Are you suffering from “I’m so #busy” syndrome? There’s real science behind our workaholic tendencies—and we’re not always as busy as we believe we are. Trust us, your boss cares more about your productivity than how busy you appear to be, and your #work-life balance can be seriously impacted when you’re juggling for the sake of being busy. We found a few smart articles with advice on how to get more done in less time (and reclaim your down time too!).
As you sink into the couch, or slide onto the barstool, at the end of an exhausting workday, it’s hard not to experience the warm glow of self-congratulation. After all, you put in the hours, cranked through the to-do list; you invested the effort, and got things done. Surely you’re entitled to a little smugness?
Has the word “busy” become a badge of honor for you?
If you find yourself constantly saying “I’m busy,” take a step back for a moment and ask “Am I focusing on what really matters?”
Everyone knows it because we are all really busy. Have you ever noticed those people that constantly say, “Oh, I’m so busy. I’m doing this, and I’m doing that.” Now take a deeper look into their lives. Look for effectiveness. Many times the people that talk about how busy they are are actually the least effective.
What’s going on? A large portion of blame may go to our tech and the sense that, even when you’re kicking back at home, you’re really just one smartphone ping away from mentally returning to work mode. You may be stretched out on the couch, but your brain is still turning the professional hamster wheel. Thus the feeling of never getting a breather.
But that’s only part of the explanation. Another huge chunk of the reason for the disconnect between how many hours we really work and how many hours we say we do is workaholic bravado. Being busy in our culture has become a badge of honor and a sign of your importance and work ethic. “Slammed” has become shorthand for “kind of a big deal.”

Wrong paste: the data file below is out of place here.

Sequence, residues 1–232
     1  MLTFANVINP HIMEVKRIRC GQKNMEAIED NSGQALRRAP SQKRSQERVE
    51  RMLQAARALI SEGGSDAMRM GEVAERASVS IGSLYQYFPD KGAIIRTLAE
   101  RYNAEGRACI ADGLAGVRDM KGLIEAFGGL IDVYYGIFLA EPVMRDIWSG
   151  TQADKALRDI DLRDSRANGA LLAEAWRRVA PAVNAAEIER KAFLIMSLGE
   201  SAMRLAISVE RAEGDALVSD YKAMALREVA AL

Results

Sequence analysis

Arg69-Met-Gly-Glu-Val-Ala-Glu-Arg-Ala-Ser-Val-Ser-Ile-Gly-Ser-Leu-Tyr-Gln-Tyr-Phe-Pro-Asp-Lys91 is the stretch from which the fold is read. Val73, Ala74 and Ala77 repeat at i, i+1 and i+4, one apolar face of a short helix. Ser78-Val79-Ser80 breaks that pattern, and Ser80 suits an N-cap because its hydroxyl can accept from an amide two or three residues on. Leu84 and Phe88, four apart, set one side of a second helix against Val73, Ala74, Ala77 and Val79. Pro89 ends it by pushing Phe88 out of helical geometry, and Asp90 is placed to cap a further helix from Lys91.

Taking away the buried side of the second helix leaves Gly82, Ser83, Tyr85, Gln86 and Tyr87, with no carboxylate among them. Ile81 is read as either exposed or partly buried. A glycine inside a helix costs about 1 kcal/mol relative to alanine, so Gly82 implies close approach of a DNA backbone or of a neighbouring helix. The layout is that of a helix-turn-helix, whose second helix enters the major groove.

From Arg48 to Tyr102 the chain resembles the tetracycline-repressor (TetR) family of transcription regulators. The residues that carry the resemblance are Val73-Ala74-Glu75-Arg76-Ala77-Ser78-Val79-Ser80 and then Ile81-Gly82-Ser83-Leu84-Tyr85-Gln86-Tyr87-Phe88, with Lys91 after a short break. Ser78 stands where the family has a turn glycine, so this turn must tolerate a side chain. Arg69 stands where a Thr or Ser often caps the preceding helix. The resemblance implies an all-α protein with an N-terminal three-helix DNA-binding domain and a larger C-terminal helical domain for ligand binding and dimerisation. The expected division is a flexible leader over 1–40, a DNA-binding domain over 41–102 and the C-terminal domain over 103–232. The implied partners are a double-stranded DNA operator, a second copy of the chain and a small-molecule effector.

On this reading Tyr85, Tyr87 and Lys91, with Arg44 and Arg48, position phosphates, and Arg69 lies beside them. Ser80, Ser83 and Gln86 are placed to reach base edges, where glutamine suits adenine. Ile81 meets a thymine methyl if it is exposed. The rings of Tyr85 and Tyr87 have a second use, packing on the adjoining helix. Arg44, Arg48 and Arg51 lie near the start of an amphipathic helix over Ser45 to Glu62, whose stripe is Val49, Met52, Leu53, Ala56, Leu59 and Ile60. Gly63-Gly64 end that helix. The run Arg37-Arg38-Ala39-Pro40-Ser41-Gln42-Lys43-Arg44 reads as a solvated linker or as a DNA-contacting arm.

According to new science recently published in the Journal of Management, this idea of using your workaholism as a humble brag, however, is a pretty terrible idea. For the research, lead author Melissa Clark of the University of Georgia and her team reviewed the existing data on the causes and effects of workaholism to determine exactly how harmful overdedication to the office can be.
Workaholism, the scientists found, has no correlation with professional performance (nope, your insane hours aren’t helping you perform better), but it does cause the same unhealthy cycle of compulsion, guilt, letdown, and renewed compulsion that you find in more traditional addictions.
The dirty little secret of our always-on culture is that much of it is, apparently, an illusion. Despite “busy” becoming the new go-to answer among some segments of the work force for the standard “How are you?” conversation opener, the truth is that when time-use experts actually force people to record in detail how they spend their days, they discover that many who say they’re run off their feet actually have far more leisure time than they initially claim.